British Prince Andrew, the middle son of the queen Elizabeth II, resigned from all military titles and royal patronage, and will be involved in the trial brought by Virginia Giuffre as a private citizen, he said on Thursday Buckingham Palace.
“With consent and in agreement with the Queen, military titles and royal patronage the Duke of York were returned to the Queen. The Duke of York will still not hold any public office and will defend himself in the case as a private person, “reads a short statement.
It is not mentioned in it, but British media say, citing sources at the royal court, that Andrew will no longer use the title of His Royal Highness (HRH), and the only one that will remain for him will be the title of Duke of York. These sources add that all titles and patronages will be distributed to the rest of the royal family.
Prince Andrew suspended his royal duties in November 2019 after a disgusted public interview with the BBC in which he denied ever having met Virginia Giuffre, and defended his relationship with the American financier and sex offender Jeffrey Epstein.
In August last year, Giuffre filed a lawsuit against Prince Andrzej, claiming that in 2001, when she was 17, was sexually abused by him. Giuffre – then named Roberts – was one of a large group of girls who had been lured by Epstein with promises to work and then offered to his influential friends. One of them was supposed to be Prince Andrew, who consistently denies this.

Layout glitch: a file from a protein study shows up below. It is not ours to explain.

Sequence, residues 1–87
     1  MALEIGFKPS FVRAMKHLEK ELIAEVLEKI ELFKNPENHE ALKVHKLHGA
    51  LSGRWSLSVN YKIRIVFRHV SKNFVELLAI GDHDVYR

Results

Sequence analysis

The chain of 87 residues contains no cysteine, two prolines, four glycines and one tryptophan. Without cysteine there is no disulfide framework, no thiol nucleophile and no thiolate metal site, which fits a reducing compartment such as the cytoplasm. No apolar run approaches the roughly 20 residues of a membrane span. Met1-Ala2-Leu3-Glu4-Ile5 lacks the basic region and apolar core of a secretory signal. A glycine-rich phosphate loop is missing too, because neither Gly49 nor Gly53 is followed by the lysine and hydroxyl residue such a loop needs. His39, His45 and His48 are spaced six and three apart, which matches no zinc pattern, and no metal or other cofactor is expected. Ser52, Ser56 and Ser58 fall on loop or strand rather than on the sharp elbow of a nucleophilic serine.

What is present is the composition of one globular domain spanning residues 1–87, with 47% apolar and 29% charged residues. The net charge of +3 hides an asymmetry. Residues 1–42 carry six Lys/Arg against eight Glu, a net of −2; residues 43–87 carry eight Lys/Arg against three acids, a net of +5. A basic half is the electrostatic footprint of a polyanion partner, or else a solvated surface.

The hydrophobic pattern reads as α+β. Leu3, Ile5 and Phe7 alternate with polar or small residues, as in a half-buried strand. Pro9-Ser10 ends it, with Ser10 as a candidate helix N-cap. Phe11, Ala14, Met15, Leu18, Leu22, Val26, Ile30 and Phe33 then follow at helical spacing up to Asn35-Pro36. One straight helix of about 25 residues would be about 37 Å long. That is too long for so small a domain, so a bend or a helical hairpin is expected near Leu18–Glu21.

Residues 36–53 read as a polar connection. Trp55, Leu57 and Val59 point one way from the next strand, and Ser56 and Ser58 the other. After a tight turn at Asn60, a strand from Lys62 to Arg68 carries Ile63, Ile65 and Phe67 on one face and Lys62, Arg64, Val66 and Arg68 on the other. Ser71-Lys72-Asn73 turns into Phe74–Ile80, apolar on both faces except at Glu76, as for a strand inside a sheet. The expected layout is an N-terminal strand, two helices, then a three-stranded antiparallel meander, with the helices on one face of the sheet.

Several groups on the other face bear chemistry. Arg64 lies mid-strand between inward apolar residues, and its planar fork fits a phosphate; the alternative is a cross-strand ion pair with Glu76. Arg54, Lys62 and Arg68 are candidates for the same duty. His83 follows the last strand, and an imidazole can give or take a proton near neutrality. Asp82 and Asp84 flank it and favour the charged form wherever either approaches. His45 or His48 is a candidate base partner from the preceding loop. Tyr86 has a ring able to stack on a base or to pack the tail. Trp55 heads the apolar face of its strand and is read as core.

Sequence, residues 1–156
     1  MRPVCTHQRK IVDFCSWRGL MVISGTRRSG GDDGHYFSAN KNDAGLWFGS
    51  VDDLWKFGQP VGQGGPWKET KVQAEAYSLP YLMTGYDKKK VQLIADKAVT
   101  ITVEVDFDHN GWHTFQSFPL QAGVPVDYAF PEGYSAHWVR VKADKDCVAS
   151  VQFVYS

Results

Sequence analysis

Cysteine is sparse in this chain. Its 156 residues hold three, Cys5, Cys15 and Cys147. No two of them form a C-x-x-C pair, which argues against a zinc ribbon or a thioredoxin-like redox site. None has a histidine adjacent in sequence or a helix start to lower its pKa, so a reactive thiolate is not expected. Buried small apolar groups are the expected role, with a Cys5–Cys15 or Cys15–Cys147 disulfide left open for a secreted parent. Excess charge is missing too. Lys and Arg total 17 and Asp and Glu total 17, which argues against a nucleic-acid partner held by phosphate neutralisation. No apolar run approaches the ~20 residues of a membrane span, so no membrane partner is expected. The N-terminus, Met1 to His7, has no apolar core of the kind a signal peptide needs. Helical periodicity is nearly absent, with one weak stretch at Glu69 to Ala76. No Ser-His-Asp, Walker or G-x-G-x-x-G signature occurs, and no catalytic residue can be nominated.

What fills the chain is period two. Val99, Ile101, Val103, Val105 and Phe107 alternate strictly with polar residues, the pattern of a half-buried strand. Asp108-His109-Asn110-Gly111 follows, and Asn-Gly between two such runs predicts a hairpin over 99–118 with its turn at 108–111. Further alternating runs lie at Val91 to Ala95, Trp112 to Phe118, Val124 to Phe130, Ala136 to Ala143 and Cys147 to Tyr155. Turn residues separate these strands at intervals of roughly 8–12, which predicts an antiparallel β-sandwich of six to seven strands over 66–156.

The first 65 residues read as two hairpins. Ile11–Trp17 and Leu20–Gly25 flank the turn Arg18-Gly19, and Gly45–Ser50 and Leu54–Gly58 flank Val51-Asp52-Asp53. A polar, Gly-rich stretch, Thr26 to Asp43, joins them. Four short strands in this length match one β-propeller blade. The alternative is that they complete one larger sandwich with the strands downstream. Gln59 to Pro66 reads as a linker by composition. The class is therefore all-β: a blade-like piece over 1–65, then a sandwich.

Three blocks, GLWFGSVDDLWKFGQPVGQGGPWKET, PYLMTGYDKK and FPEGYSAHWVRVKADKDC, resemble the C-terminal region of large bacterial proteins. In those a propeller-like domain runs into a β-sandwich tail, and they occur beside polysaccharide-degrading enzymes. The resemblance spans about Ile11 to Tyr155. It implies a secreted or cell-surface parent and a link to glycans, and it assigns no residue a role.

A New York court on Wednesday rejected his lawyers’ request to dismiss Giuffre’s lawsuit over a 2009 settlement with Jeffrey Epstein, his last chance to avoid a civil lawsuit. According to its content, Giuffre in exchange for 500 thousand dollars has agreed to waive any claims against Epstein and “any other person or entity who might be involved as a potential defendant.” The prince’s lawyers argued that as a “potential defendant” he was covered by the settlement.
As the British media explain, this means that Prince Andrew has four options, neither of which is good. He can attend the trial and give evidence, which means a long media spectacle that could lose unless he actually proves his innocence. He may refuse to testify on the grounds of his right to refuse to testify against himself, but this will be taken into account by the court, which will likely agree Giuffre in this situation. She may refuse to participate in the trial altogether, which means that the court will decide it in favor of the applicant. Finally, it can reach an out-of-court settlement with Giuffre, which would require the payment of compensation.
This option seems quite likely, if only because of that 95 percent civil lawsuits filed in American courts end in out-of-court settlements. However, this would amount to an indirect admission of guilt. In addition, Giuffre’s lawyer David Boies told the BBC on Thursday that his client was unlikely to be content with financial compensation alone, but she would likely want an apology and plead guilty as well.